On these years of GM trucks all removable interior sheet metal is given this hammered paint. It includes the dash, windshield posts, door panels, rear cab sheet metal, Etc. The specialty paint is available from Jim Carters Classic Truck Parts and a few other full stocking dealers as follows using our part numbers:  Chevrolet PT106  –  GMC PT133.

Here is the story on our 1940-46 interior paint. Thought I should share some of the facts of how it happened. About 25 years ago I purchased a NOS glove box door. If I was ever going to match the color, this is what I would need. (Possibly just setting in a dark store room for 50 years might cause a chemical change to the paint pigment. Don’t know) No other parts supplier, then or now, wanted any part of making hammered paint. No takers when we ask anyone to do it. Finally, the Randolph Paint Co. in New Jersey almost 25 years ago, offered to try to produce it in quarts with very high quantities.

The product they created seemed to be very close. Maybe within 10% of the NOS glove box lid. Our relationship lasted well until 2014 when they either went out of business or just no longer had an interest. The paint hunt was on again!

By then we discovered a national brand starting to produce hammered paint in quarts in several colors. One they called bronze and we used it! It later was found to have a little too much silver but it was all there was. We marketed many quarts for several years, however some perfectionists made negative comments about the extra silver in the hammered texture.

One last attempt would be made to be correct: Then a new idea emerged. A quart was taken to a local auto body paint store with a slight color change in mind. The employees had not heard of hammered paint and wanted no part of the project. Fortunately, the owner was in and we had bought from him for 30 years. So at our cost, he would give it a try with an additive.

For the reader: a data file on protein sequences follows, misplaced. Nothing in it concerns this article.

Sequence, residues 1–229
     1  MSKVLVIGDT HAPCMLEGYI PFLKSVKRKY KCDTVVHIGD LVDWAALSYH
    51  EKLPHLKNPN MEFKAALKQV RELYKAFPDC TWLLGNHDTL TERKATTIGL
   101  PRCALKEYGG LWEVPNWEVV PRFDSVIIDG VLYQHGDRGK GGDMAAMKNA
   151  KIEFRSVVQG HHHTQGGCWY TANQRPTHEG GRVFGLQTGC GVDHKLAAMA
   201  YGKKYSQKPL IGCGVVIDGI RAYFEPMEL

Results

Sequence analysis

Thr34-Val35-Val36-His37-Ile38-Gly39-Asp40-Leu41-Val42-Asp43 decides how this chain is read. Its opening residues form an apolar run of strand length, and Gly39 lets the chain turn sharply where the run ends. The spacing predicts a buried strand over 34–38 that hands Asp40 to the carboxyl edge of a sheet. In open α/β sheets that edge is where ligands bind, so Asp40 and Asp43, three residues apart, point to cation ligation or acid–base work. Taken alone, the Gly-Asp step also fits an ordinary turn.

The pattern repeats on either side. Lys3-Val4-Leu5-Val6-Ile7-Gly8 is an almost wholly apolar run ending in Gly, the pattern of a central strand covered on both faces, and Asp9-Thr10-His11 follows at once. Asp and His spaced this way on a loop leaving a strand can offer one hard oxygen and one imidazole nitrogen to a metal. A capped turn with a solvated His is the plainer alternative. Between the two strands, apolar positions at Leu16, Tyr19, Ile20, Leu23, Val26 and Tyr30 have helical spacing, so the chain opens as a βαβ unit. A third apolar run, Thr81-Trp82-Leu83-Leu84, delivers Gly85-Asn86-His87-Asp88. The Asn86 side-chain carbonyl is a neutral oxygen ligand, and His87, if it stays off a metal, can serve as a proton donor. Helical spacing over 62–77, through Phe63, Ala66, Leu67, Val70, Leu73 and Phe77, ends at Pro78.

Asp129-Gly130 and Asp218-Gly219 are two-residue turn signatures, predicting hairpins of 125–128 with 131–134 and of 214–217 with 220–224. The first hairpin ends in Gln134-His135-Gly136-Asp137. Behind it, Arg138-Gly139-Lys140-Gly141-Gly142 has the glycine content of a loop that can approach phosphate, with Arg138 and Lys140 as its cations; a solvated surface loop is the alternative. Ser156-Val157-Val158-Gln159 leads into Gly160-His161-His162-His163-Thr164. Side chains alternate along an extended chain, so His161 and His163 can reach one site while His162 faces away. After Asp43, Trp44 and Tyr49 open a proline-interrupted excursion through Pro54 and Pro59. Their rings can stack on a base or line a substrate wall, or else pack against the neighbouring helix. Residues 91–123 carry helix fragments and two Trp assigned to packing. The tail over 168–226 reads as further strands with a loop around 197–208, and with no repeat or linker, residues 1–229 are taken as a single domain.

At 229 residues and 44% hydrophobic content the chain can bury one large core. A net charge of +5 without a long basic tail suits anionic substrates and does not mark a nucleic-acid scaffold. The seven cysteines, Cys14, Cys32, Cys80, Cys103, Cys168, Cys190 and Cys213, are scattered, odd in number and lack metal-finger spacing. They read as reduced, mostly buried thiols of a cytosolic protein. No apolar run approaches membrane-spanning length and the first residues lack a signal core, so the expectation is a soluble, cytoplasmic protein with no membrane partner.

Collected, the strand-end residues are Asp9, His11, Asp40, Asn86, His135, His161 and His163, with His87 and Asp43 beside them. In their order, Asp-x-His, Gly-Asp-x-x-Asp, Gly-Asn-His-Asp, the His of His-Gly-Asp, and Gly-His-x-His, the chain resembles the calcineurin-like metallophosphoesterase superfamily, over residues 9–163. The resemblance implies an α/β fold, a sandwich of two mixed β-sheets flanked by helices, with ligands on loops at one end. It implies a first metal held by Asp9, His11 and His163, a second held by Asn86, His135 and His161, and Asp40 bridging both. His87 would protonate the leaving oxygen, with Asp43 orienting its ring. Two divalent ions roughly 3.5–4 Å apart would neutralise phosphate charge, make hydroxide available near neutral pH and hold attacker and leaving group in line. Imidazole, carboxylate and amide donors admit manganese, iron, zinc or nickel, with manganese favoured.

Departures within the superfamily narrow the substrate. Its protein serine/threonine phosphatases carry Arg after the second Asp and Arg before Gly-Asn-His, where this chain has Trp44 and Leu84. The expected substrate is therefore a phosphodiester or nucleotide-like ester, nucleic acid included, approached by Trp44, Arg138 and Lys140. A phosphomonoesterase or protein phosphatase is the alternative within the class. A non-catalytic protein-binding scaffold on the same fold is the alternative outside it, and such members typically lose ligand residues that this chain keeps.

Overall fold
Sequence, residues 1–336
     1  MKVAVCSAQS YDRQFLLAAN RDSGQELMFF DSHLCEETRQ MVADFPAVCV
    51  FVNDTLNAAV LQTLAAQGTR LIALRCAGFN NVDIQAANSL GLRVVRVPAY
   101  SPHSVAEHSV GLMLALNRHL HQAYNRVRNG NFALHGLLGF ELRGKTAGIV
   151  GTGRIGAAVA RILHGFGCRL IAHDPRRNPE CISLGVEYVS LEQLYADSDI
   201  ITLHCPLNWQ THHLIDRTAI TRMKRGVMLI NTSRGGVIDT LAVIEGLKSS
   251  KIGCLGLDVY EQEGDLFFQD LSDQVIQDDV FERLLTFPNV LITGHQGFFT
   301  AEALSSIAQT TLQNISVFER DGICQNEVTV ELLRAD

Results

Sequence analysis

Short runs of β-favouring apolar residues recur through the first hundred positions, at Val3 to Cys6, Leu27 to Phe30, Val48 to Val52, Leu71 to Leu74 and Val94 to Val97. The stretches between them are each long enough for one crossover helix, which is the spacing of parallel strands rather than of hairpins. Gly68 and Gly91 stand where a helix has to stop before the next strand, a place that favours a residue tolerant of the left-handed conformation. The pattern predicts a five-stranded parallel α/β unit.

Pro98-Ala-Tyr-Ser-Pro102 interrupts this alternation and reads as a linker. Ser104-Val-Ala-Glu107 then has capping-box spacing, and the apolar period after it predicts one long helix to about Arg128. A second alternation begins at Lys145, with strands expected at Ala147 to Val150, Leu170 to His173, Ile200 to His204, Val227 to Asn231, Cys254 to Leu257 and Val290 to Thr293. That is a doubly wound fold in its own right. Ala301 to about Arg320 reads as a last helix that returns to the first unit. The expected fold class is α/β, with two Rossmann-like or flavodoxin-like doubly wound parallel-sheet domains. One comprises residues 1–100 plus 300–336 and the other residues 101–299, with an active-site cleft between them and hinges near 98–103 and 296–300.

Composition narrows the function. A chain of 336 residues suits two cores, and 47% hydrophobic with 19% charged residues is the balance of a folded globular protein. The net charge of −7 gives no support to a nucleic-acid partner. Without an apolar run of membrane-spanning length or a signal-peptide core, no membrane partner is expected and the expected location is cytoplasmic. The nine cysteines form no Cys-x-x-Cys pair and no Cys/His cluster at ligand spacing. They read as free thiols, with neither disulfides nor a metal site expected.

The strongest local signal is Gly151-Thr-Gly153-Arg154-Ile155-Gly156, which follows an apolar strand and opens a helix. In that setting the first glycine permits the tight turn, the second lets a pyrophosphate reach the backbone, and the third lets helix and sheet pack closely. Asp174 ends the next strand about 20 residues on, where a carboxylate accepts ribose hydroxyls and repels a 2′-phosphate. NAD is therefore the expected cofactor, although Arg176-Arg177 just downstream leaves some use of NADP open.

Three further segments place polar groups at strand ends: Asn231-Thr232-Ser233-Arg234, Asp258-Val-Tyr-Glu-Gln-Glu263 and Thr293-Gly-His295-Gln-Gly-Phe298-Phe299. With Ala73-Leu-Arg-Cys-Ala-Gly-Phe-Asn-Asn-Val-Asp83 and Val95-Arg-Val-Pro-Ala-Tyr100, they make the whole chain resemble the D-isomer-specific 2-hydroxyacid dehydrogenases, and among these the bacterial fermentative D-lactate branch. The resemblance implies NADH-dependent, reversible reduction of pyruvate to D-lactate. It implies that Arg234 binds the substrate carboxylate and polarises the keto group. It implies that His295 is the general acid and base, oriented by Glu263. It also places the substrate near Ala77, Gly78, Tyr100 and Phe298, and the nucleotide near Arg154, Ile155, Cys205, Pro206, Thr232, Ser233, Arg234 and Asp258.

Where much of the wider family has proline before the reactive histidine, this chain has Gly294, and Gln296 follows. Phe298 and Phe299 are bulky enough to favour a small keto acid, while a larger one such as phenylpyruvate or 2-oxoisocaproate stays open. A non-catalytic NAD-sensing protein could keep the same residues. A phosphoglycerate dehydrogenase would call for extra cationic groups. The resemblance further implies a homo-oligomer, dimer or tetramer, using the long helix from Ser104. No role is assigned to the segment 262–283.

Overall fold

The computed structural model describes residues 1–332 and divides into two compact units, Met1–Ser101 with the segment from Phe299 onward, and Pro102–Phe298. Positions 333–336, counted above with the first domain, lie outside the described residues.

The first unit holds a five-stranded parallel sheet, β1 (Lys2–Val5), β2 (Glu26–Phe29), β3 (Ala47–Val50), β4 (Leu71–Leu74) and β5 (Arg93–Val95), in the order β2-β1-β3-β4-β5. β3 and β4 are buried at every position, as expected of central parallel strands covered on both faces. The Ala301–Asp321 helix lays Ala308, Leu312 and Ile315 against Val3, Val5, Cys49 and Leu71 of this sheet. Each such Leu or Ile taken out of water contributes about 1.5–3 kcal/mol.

Wow, with added tints, we met with what we felt was a success. The NOS glove box door was sold almost 20 years ago however, the color seemed very close. No perfect examples we can trust remain that we have found.

So this is what we market today. Much better than the Randolph Paint Co. days. Is it perfect? Probably not. Seventy year old NOS parts could have faded slightly even in a box. It is all we have but we think it is near show quality. We have made quantities in quarts and now spray cans. It only receives compliments from our customers! It is just “slightly” darker than the two photos of the old Randolph Paint shown in this article.

NOTE: It appears GMC wanted to be just a little different on their interior color. We finally created this tint in a separate part#. See Above.

hammered 1

hammered 2

hammered 3

Interior Colors, Chevrolet 1940-46

Thursday, February 11th, 2010

Serious early truck restorers often ask ‘What is the interior color of the original cab sheet metal parts, versus the exterior color?’ The answer for the 1934-46 trucks is simple.

The removable panels from the cab interior were always the inside color. If a component was welded in as part of the cab structure, it was sprayed the exterior color during the total cab painting.

This allowed successful coating of interior panels. As they could be placed flat during painting, there was a better guarantee of success for their specialty coatings. Wrinkle surface was placed on 1936-38 and a hammered appearance was used on most 1940-46 models.

Examples of these removable panels are the dash, rear interior corners, wiper covers, interior door panels, the above windshield cover, and upper door frames.

The outer cab color will also cover the seat riser and firewall as these were part of the total assembly. One exception is the rocker panels below the door. They are attached to the cab with screws but are the exterior color.

The two removable floor sections (covered with the floor mat) appear to be their own color, a black primer.

It is interesting that the interior colors in the finished new cab could have been painted even in different states and then the parts shipped to the assembly plant.

The following photos are of an all original 1941 Chevrolet truck interior.

exterior color 1
Removable dash, Interior color

exterior color 2
Removable rear panels. Interior color.

rxterior color 3
Welded in panels at factory. Exterior color.

exterior color 4
All of door exterior color, except inter removable panel which is interior color.